Following on from James bread recipes, our bread machine is dead - well, missing a paddle since OH threw it out with the bread! What bread machine in France, would folks recommend and why?
Note, ours was a cheapie from Aldi so not worth replacing the paddle (20€) would rather invest in something better now I know we use it.
We use a cheap bread maker made by Delonghi. Set the time and fresh bread is there in the early morning before going off to the kennels,; this suits our working life style. However, for a special bread and on my Sunday off, then it's hand made. M and I have been watching the TV series on bread making and are about to try some of the receipes.
You're dead right Jane, I made that mistake once, now I stick everything on timer and ensure the bread will be ready to take out when we get up.
The bread is better if it is taken out of the machine as soon as it is finished,so stick with the dishwasher and the yoghurt maker, but find a more convenient time to make the bread.
Thanks everyone for all your suggestions. Interestingly Panasonic is one brand I hadn't considered as I've been browsing Le Bon Coin and so on and they are never for sale - presumably this is because they are so good. Have found this one at a reasonable price on Amazon UK (good idea about checking Italy and Germany - never thought of that) with reasonable delivery here.
Don't need/want to make fancy bread so dispenser totally not necessary. As for making bread by hand, as a working mum of kids who are only 6 and 8, time saving devices are what I need. Bunging it in at night, along with the washing, the dishwasher and the yoghurt maker, it takes longer to switch all the machines on than to take my make up off (ha ha) before I go to bed.
The best bread machine are your hands. Theres a lot of mystique surrounding the making of bread. I've been baking for about 10 years and bake on average 2 times a week. It takes 15 minutes to put a bread together. If you have a timer on your oven you can set it to cook the bread so you will have fresh bread for breakfast
One golden rule is use good flour Good flour= good bread cheap flour=, well you already know the answer
I have used a Morphy Richards Fast Bake for two years and it works well. I find, however that when you bake a loaf and then eat it often the end and sometimes the top crust get waisted or it goes stale, especially with two of us, so I started just making the dough then dividing it into about 10 rolls, leaving them to rise in the warm till double in size then popping them in the oven for 20 mins. When cold I could then wrap the rolls in cling film to last for a few days. No bread was wasted and they went down well with guests.
Hi, This is my first post on SFN but I just wanted to share a tip regarding amazon. If you are buying any electrical goods from amazon check out the other European sites eg Italy, Germany and France of course. After Christmas I managed to buy a K Mix stand mixer from the Italian site with free postage to France, saving £90 plus postage, so it's always worth doing a bit of research.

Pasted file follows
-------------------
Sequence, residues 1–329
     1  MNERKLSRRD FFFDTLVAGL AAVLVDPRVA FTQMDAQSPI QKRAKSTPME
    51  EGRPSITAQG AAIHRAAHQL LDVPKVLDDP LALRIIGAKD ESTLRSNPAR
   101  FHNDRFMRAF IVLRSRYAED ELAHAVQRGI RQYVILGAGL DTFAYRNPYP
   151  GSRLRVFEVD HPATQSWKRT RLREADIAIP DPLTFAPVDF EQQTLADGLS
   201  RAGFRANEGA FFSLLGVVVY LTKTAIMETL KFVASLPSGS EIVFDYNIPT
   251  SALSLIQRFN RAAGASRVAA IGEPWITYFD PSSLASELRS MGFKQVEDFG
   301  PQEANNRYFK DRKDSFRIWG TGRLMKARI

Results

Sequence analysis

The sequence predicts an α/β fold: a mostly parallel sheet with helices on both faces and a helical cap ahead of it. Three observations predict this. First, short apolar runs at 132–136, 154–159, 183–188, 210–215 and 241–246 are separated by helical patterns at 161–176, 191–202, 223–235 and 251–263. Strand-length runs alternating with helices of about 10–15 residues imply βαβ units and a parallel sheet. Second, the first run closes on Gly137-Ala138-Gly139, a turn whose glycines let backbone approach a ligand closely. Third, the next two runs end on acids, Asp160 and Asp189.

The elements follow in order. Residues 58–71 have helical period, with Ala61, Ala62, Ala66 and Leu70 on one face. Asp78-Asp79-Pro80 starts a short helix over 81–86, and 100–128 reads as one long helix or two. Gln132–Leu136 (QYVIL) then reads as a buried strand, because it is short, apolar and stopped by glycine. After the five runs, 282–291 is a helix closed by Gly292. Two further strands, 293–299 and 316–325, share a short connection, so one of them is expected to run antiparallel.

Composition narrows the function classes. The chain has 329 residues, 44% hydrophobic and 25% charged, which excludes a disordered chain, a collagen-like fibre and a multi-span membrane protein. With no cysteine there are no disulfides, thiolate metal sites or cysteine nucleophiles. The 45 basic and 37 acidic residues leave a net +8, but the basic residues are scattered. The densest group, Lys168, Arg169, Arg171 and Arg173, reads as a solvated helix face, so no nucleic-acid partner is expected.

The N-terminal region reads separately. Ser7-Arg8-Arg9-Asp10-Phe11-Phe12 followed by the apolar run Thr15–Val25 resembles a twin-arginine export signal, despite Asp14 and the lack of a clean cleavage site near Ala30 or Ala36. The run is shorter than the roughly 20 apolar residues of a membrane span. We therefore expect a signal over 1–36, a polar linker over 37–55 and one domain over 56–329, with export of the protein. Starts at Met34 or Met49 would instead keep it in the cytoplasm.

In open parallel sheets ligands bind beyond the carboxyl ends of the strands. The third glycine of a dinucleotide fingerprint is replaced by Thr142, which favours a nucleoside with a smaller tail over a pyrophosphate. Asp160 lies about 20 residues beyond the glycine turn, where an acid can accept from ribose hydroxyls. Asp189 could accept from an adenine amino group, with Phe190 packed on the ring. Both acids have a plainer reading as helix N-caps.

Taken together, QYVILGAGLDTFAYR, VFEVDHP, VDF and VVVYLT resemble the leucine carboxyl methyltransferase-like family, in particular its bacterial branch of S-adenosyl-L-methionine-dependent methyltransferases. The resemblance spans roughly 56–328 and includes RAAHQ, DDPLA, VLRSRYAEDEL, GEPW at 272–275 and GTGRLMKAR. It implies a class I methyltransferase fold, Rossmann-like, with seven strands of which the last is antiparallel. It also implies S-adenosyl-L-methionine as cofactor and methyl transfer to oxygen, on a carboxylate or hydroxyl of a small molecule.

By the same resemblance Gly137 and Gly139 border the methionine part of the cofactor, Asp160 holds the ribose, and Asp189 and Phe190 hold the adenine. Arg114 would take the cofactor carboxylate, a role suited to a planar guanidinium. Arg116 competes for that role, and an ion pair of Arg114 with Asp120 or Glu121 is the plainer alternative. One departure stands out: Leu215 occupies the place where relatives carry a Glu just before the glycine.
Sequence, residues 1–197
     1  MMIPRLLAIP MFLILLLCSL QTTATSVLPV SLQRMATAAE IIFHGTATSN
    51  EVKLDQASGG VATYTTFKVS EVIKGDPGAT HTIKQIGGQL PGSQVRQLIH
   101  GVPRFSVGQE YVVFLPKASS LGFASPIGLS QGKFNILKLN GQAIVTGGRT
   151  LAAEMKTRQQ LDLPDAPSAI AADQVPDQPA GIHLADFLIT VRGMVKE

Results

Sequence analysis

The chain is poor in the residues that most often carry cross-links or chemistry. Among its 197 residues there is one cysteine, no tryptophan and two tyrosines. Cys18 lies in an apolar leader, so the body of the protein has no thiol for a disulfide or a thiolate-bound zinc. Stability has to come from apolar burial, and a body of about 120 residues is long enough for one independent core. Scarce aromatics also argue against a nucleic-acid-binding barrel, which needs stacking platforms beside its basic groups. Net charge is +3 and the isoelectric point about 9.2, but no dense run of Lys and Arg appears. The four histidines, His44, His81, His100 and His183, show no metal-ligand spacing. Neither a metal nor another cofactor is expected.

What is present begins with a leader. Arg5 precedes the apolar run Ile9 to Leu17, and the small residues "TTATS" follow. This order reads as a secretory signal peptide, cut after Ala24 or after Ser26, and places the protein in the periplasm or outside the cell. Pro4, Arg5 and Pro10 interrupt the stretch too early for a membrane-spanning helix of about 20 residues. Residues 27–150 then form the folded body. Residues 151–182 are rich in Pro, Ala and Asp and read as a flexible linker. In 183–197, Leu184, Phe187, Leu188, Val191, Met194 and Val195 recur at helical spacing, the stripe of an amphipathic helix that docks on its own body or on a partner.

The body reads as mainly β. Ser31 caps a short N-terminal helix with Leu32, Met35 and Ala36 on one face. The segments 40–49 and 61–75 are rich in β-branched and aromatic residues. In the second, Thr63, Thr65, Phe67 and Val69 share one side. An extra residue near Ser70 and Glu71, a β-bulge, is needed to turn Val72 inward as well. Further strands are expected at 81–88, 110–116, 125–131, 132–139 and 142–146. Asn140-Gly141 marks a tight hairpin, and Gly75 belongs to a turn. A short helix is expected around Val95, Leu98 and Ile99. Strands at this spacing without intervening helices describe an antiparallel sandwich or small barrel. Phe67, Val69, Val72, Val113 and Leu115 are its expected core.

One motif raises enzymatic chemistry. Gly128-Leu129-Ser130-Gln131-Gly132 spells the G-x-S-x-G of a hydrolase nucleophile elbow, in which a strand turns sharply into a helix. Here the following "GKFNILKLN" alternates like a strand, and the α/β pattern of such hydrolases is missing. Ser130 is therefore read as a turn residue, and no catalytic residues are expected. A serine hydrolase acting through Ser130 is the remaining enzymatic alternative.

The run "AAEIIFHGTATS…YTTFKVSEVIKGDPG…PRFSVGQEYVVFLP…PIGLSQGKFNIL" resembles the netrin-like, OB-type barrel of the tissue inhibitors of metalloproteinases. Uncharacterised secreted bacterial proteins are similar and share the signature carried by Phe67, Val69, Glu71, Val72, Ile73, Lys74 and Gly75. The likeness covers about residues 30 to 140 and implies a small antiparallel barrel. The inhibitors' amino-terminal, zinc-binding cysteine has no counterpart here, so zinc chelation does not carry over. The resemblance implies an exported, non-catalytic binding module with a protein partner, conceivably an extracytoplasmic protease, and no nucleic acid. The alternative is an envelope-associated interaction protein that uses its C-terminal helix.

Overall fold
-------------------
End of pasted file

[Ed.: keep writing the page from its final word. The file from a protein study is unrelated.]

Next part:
Exactly my thoughts (@ Danny) - & there's something satisfying about thumping the dough around to knock it back ....
AND you know whatever brick eventually comes out is by your own fair efforts :)
& as long as you have a boulangerie not too far away, you'll not starve - eat cake!
Yes but you will have spent ages preparing the bread and cleaning up afterwards. Bread machines give decent results in far less time. Make it by hand if you have the luxury of having the time.
I have used Panasonic for years and it's great. Not the cheapest bbut the best as far as I am concerned.
I just use my breadmaker for mixing and kneading, I have arthritis in my hands, and then cook in a bread tin or as rolls on a baking sheet. I never liked the shape of breadmaker loaves and was constantly forgetting the metal bit stuck in the bottom of the loaf.
Paul Hollywood, he is the best bread maker
I agree with Steve, we have had our Panasonic bread maker for 9 years and it is fabulous and so versitile, doesn't do the hoovering yet though!
Panasonic, Excellent machines!
We've had an Anthony Worrall Thompson Machine for about 12 years, i don't make an awful lot of bread but i do make pizza dough EVERY week, everyone assures me that they're the best pizza's they ever had.
Hi, I bought a rather expensive Kenwood a couple of years ago and regret doing so mainly because the recipes all correspond to American flour which obviously can't be bought in France. I've finally found a wonderful French ready-mix that I have to go miles out of my way to buy because I got tired of having to experiment every time I wanted to use a different flour. I buy about 20 kilos at a time. I had a problem with the paddle which my husband was fortunately able to fix. When we move next year and will be too far from the chain of supermarkets that sell the flour, I think I might invest in a Panasonic since everyone seems to like it a lot.
Which? recommends Panasonic 2501 which we recommended to my bro-in-law and he is very, very happy with it. I saw this same question on another site and Panasonic was hands down the winner. Happy bread baking and breaking!
Ditch the bread-maker and embrace real bread-making, the results are so much more impressive, in my humble opinion bien sûr. The Kitchen-Aid / Robo can help with the initial mix but there's nothing quite like getting your hands dirty.
Follow some simple recipes from someone like Dan Lepard and it's not even more time-consuming. You'll be creating your own sourdough masterpiece before you know it. And with the money you save on the bread-maker you can invest in some fancy-pants flours.
Panasonic every time. You do not need to the more expensive model which automatically adds dried fruit, nuts etc.